– Oscar Wilde
So you’ve gone out to some of the places above, and you’ve met some people. Ideally, you’ve chosen a place where you can encounter some of the same people over and over in order to build rapport. Maybe you’ve even exchanged phone numbers or added each other on Facebook.
Now that you have these “weak ties” (to use a term from sociologist Mark S. Granovetter), how do you take the relationship to a deeper level? How do you go from acquaintance to friend?
The answer, it turns out, is simple. Not necessarily easy, but definitely simple. What’s the “secret”? One-on-one time.
Hanging out in a group is lots of fun, but it can be difficult to spend enough time talking with one person to really open up to each other and get beyond surface level conversation. The best way to go from acquaintance to friend is to spend quality time talking and/or doing an activity together.
To make this easier, I suggest that you focus on cultivating one or two relationships at a time. Going out and meeting lots of people is a good idea to keep your social skills honed and broaden your network, but when it comes to making friends it’s best to keep it small. Especially if you’re more introverted and find social interactions draining.
Like dating, it’s also best to keep things casual at first. Message the person and suggest meeting for coffee or (cheap) lunch. These settings are great because they’re low pressure and allow for easy escape if the conversation gets stale.
Or if you want more structure, then suggest an activity you both would enjoy, ideally one that’s not too intense. That is, going for a walk in a local park is probably better than suggesting the two of you hike the Appalachian Trail.
Tip: Pick an activity where you can actually talk to each other. So eating a meal together is better than seeing a movie, for example.
If things are going well, then you may be ready to take things to the “next level,” which we’ll cover in the following section.
Part 3: How to Deepen and Cultivate Friendships
“A friend is a person with whom I may be sincere.”
– Ralph Waldo Emerson
Let’s say that you’ve gone through Part 2, and you now would definitely call yourselves friends. How do you maintain this friendship, and how do you take it to a deeper place?
Maintaining the friendship is similar to the above section. Just keep in touch and do things together regularly. Pretty simple (though it can take some effort, especially when your life gets busy).
As for deepening a friendship, the key in my experience (and from people who are far more qualified), is vulnerability.
This video from The School of Life sums up the concept nicely:
When people complain about “shallow” conversation, they’re usually getting at a deeper lack of vulnerability. They’re getting at, as the video explains, people trying to seem impressive instead of revealing what they’re really like, how they really feel.
Vulnerability isn’t easy. As Brené Brown puts in her TED talk “The Power of Vulnerability”:
“…in order for connection to happen, we have to allow ourselves to be seen, really seen.”
This can be painful. And risky. But also tremendously rewarding. Have a look at this article for some practical ways to be more vulnerable.
“Life is partly what we make it, and partly what it is made by the friends we choose.”
– Tennessee Williams
Before we wrap up, I want to address a couple common questions students have about friendship, as well as include some miscellaneous advice that didn’t fit elsewhere in the article.
1. How do I stay in touch with my friends from high school when I’m in college?
This is a tricky one, and it depends on your circumstances. If you go to college in the town where most of your high school friends still live, it’s just a matter of meeting regularly.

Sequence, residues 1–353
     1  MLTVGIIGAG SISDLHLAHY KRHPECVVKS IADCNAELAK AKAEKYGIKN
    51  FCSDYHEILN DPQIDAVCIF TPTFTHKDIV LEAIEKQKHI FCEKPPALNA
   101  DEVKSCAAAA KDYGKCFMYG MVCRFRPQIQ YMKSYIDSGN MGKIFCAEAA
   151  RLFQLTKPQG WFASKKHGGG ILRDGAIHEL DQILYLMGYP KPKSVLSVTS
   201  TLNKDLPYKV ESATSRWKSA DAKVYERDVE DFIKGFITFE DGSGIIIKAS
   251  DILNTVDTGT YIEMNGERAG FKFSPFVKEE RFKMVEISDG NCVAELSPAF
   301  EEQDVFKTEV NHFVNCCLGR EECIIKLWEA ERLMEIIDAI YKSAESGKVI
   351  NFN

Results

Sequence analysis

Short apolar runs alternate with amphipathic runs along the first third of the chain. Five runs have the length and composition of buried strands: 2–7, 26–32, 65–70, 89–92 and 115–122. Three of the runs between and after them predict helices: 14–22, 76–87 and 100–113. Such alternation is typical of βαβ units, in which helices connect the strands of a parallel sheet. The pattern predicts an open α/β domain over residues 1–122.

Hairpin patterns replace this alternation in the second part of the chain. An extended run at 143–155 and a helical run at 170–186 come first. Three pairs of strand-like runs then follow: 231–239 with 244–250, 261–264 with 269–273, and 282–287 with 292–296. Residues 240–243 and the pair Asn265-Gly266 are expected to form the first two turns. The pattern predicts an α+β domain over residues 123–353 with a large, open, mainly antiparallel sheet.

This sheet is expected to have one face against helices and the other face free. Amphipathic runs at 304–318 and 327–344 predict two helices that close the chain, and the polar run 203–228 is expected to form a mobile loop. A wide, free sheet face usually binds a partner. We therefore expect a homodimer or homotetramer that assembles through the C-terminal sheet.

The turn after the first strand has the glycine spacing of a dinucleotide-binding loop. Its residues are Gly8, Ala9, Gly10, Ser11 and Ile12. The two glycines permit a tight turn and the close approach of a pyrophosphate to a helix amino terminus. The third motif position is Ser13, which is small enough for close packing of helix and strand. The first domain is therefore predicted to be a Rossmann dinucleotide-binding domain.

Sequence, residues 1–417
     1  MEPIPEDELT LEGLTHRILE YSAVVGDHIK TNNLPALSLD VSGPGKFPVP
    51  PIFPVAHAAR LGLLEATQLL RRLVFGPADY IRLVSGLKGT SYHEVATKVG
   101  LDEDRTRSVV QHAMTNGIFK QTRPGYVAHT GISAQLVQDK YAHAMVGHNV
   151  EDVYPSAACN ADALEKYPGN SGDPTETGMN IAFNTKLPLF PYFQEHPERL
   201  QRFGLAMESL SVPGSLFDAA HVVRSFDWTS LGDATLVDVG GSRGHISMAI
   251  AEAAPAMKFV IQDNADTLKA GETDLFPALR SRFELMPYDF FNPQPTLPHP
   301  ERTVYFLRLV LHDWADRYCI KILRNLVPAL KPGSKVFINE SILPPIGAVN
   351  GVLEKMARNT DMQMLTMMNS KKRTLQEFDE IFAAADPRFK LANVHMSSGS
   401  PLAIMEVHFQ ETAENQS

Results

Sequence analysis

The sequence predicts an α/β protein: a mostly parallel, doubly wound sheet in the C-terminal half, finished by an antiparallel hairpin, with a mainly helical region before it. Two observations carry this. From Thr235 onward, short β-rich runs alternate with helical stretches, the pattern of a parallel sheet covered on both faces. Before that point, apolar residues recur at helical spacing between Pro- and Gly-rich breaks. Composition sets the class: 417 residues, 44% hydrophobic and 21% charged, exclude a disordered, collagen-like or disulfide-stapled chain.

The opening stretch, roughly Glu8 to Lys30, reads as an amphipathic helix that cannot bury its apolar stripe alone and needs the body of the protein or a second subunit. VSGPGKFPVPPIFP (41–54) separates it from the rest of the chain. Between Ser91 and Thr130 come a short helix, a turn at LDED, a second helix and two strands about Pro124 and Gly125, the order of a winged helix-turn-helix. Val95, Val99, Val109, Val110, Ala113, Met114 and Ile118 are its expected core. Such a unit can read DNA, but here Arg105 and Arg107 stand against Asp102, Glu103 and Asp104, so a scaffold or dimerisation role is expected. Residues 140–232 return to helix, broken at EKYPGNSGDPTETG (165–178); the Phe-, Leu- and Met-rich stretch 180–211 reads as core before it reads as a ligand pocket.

If, however, you and your friends are scattered all across the country at different colleges, as it was for me, then you have to be more deliberate. My high school friends and I have always made a point of getting together during breaks to go to trivia, have parties, and even take summer road trips. And, of course, text, call, and FaceTime regularly.
That being said, you should also expect that you’ll drift apart from some of your high school friends. People change a lot after high school. The gap between “life stages” widens, or is at least more visible than it was before college. This can be uncomfortable, but it’s bound to happen.
On the other hand, if you were unsatisfied with the friendships you had in high school, college is a great place to start fresh. Obviously don’t be a jerk, but don’t feel like you have an obligation to remain friends with people just because you hung out with them in high school. That’s the sunk cost fallacy at work.
2. None of my friends ever want to do anything. What should I do?
This one’s simple: Become the organizer. Take an active role in planning things for all of you to do. It took me far too much of college to realize the power of this approach.
Because generally it’s not that your friends don’t want to hang out. They’re just in the same position as you, looking for someone to nudge them toward an activity. Don’t be part of the inertia; be the one who moves things along.
3. Advice: Branch out from your initial friend group
Coming into college, it’s normal to make friends with the first people you meet and click with. There’s nothing wrong with this (I’m still friends with some people I met at my college orientation).
But I would encourage you not to feel like those people are the only ones you can ever be friends with. Go to some of the places I suggested above and try to branch out. Join a new club, take a class that’s outside your area of expertise, or strike up a conversation with a coworker.
The result is likely to be a richer life and an expanded social circle.
“Each friend represents a world in us, a world possibly not born until they arrive, and it is only by this meeting that a new world is born.”
– Anaïs Nin
This article covered a lot of ground. As with any kind of advice, however, it’s useless if you don’t apply it. At the end of the day, the best advice I can give for making friends is to make it a priority. Once you’ve achieved that mindset shift, your job is to get out there and make it happen.
So today, I’d like to challenge you to apply just one piece of advice from this article. Try looking in a new place for friends. Invite an acquaintance out for coffee. Practice vulnerability with an existing friend.
If you take even one of these steps, you’ll be on your way to a happier, more fulfilling life.